Despite Japan's governing coalition retaining a comfortable majority in the powerful lower house in Sunday's election, Prime Minister Fumio Kishida's leadership will be tested ahead of an upper house election next year with his party's No. 2 leader suffering an embarrassing defeat in a constituency race.
For Kishida, who only became prime minister on Oct. 4 and entered the race with a lackluster initial Cabinet approval rate of about 55 percent, his Liberal Democratic Party winning 261 seats in the 465-seat lower chamber was a clear mandate, particularly as he had set the line of victory as winning a majority together with the LDP's junior coalition partner Komeito.
Sunday's House of Representatives election was held at a time when the number of new coronavirus cases in the country has significantly fallen in recent weeks, a development analysts cite as a factor for Kishida remaining in power and the LDP losing a smaller-than-expected number of seats in the lower chamber.
"The pandemic has receded, vaccinations have progressed, and economic activities are returning to normal, so people are beginning to feel they are okay to keep things as is," said Naoto Nonaka, a professor of comparative politics at Gakushuin University.
Nonaka was referring to the fact that more than 70 percent of Japan's population are now fully inoculated against COVID-19, and that restrictions on eateries have been entirely lifted following months of state of emergencies under the unpopular previous government of Yoshihide Suga.
"Those who had been considering switching their support from the LDP (to opposition parties) have apparently returned to the ruling party," Nonaka said, in reference to the 259 seats the LDP won, down from the preelection level of 276. The LDP endorsed two independents after the election, bringing the total number of its seats to 261.
The race also came ahead of next summer's election of the House of Councillors, the upper chamber the LDP-Komeito bloc also controls.
"The lower house election's outcome was an indicator as to whether the LDP can win next summer," said Koji Nakakita, a professor of Japanese politics at Hitotsubashi University.
The result was particularly important for Kishida -- the face of the LDP -- as the upper house election is expected to be a harder battle for his party with a greater chance of it losing its majority, according to Nakakita.
"The LDP winning more than a majority on its own means Mr. Kishida and his government were endorsed as they are," he said. "So they will now try to show originality in coronavirus, economics and other policies before heading into the upper house election."
The LDP's victory was not all plain sailing, however, as the party did lose some seats and Kishida is likely to lose LDP Secretary General Akira Amari.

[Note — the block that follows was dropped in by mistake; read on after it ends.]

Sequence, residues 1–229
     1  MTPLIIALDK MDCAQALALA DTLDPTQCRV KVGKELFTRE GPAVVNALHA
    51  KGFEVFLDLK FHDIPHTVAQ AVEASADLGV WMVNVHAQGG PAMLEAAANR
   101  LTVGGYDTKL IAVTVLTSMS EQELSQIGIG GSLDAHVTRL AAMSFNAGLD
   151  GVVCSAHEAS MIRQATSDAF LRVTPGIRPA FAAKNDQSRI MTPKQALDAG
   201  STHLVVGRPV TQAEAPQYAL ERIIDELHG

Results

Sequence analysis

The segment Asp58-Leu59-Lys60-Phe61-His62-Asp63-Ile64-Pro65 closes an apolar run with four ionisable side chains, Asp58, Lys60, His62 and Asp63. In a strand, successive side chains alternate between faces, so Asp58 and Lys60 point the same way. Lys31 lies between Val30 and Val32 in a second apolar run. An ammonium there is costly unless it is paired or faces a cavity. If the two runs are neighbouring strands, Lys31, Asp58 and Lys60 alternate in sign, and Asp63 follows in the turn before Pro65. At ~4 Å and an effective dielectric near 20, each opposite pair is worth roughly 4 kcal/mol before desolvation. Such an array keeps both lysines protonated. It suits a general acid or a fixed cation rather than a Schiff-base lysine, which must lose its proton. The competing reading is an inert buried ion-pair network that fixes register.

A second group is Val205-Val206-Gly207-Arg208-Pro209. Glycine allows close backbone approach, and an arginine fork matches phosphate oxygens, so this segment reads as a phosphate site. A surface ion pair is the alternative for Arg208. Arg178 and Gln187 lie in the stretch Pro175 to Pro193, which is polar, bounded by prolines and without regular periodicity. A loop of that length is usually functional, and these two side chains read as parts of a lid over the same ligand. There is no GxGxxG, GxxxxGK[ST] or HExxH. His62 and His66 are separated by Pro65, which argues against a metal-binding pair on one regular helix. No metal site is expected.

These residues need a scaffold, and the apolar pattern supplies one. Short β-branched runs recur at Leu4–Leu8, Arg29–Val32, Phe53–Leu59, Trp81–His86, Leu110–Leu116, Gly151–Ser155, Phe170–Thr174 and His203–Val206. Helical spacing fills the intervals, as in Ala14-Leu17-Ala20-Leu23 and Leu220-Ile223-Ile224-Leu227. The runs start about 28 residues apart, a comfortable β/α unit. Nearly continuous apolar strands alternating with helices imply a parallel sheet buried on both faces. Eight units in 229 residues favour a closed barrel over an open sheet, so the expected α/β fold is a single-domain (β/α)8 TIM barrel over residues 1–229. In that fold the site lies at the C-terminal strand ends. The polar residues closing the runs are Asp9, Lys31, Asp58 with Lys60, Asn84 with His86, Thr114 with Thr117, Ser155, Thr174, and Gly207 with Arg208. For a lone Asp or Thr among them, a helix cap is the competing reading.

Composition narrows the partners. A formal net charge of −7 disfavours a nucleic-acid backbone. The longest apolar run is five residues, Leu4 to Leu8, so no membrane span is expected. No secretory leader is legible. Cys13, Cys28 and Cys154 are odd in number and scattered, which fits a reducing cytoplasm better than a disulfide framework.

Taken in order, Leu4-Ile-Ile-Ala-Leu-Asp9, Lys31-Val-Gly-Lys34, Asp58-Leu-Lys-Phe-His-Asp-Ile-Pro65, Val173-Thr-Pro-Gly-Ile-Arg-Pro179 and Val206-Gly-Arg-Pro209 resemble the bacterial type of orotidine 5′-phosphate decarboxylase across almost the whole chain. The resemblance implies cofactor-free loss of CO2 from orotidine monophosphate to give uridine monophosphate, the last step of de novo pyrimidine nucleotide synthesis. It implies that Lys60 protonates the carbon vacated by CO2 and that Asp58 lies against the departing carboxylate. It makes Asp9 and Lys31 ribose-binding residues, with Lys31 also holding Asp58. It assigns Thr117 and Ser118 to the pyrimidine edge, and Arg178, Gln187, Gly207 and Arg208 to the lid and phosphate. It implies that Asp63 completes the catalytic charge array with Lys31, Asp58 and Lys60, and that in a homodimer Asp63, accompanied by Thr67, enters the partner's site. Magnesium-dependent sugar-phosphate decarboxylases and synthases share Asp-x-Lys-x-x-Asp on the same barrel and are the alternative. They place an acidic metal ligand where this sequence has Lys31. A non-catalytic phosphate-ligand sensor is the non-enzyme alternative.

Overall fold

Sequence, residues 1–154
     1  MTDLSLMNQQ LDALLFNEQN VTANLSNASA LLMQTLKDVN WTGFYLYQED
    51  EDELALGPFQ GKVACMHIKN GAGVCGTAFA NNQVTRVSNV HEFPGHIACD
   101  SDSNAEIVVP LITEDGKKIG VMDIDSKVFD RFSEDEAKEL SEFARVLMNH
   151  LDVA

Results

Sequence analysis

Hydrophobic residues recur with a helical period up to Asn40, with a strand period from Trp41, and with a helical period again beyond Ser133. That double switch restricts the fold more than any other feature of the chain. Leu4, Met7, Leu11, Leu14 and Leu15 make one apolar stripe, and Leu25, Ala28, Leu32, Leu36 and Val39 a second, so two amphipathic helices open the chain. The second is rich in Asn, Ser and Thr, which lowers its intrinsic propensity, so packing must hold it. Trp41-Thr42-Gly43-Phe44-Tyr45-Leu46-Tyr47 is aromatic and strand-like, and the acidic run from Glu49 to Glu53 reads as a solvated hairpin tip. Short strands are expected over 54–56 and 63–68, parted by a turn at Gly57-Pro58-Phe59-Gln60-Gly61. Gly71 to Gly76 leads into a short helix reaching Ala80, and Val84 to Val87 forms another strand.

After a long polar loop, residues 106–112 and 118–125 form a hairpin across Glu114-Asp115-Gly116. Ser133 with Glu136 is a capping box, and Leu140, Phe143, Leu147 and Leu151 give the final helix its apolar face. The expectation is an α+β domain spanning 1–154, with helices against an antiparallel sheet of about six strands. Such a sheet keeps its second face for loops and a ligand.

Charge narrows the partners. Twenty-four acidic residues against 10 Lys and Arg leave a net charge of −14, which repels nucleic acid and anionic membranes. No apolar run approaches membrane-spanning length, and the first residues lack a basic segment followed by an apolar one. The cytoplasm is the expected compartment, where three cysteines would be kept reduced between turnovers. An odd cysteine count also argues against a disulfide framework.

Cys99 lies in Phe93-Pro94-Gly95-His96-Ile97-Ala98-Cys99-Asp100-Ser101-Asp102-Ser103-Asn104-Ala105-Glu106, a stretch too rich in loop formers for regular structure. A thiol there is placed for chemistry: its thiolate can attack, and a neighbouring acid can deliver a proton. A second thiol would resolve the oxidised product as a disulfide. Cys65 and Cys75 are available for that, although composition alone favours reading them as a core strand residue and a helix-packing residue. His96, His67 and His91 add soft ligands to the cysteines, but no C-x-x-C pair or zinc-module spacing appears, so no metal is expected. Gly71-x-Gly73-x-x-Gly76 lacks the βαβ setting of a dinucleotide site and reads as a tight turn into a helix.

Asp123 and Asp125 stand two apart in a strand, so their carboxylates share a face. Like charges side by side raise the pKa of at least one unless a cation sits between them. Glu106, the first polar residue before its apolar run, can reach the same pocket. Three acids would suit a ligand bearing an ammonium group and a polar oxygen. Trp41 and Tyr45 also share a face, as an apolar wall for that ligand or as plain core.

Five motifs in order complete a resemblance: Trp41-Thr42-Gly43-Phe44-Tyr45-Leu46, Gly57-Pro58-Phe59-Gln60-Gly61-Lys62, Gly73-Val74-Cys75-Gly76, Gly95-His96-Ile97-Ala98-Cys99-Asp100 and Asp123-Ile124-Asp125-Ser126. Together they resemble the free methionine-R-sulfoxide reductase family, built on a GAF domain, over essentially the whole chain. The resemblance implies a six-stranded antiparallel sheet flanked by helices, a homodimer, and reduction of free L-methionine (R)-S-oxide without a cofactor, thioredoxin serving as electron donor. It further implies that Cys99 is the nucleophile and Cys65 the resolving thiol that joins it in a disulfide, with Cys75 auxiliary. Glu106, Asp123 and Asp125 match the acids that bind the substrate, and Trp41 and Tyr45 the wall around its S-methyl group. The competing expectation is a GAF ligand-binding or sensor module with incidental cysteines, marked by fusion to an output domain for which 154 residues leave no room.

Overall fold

Amari was defeated in a single-seat constituency race by Hideshi Futori of the main opposition Constitutional Democratic Party of Japan as the opposition parties jointly threw their support behind him. Amari said he intends to step down from the party's No. 2 post.
The appointment of the veteran lawmaker to the key LDP post was controversial from the start, however, as the former economic and fiscal policy minister from December 2012 responsible for promoting the "Abenomics" policy mix and the 2015 signing of the Trans-Pacific Partnership free trade agreement resigned in January 2016 amid graft allegations.
The opposition parties, for their part, are expected to face tougher challenges ahead of next year's election.
The lower house election was also an important measure for the CDPJ and other opposition forces to find out whether their tactic of joining forces and throwing support behind a single candidate in competitive constituencies is an effective counter against the ruling coalition.
The alliance was of an unprecedented scale, with the CDPJ, the Japanese Communist Party, the Democratic Party for the People, the Social Democratic Party and Reiwa Shinsengumi backing the same candidates in over 70 percent of the 289 constituency contests.
It marked a major turning point as opposition parties have traditionally each fielded their own candidates in single-seat districts, meaning voters critical of the government were split among several choices, giving an advantage to the LDP and Komeito.
"Our strategy produced certain results," CDPJ leader Yukio Edano said in an NHK program as Amari and some other LDP heavyweights were defeated by candidates backed by a united opposition in single-seat constituencies.
But the final results were weak, with the CDPJ only securing 96 seats, down from 110 before the election, and the JCP winning 10 seats, down from 12.
"The CDPJ losing seats raises the view that the strategy this round was a failure, and there will be discussions that maybe it was wrong to have joined hands with the JCP," said Nonaka.
As the two parties have different stances on foreign and security policy, with the CDPJ seeking to maintain a healthy Japan-U.S. alliance while the JCP calls for scrapping the security treaty between Tokyo and Washington, the ruling coalition has repeatedly criticized the CDPJ-JCP tie-up as an "illicit union."
But Nonaka said rather than the tie-ups, the real issue lies in the CDPJ's slowness in releasing election pledges and sharing its vision to be recognized as an alternative for voters critical of the Kishida government.
Nakakita said the outcome will raise questions about the CDPJ leadership of Edano, who apologized Monday for the loss of party seats in the lower house election.
"The outlook of a change of government is completely lost now, and there will be moves seeking to replace CDPJ executives," Nakakita said.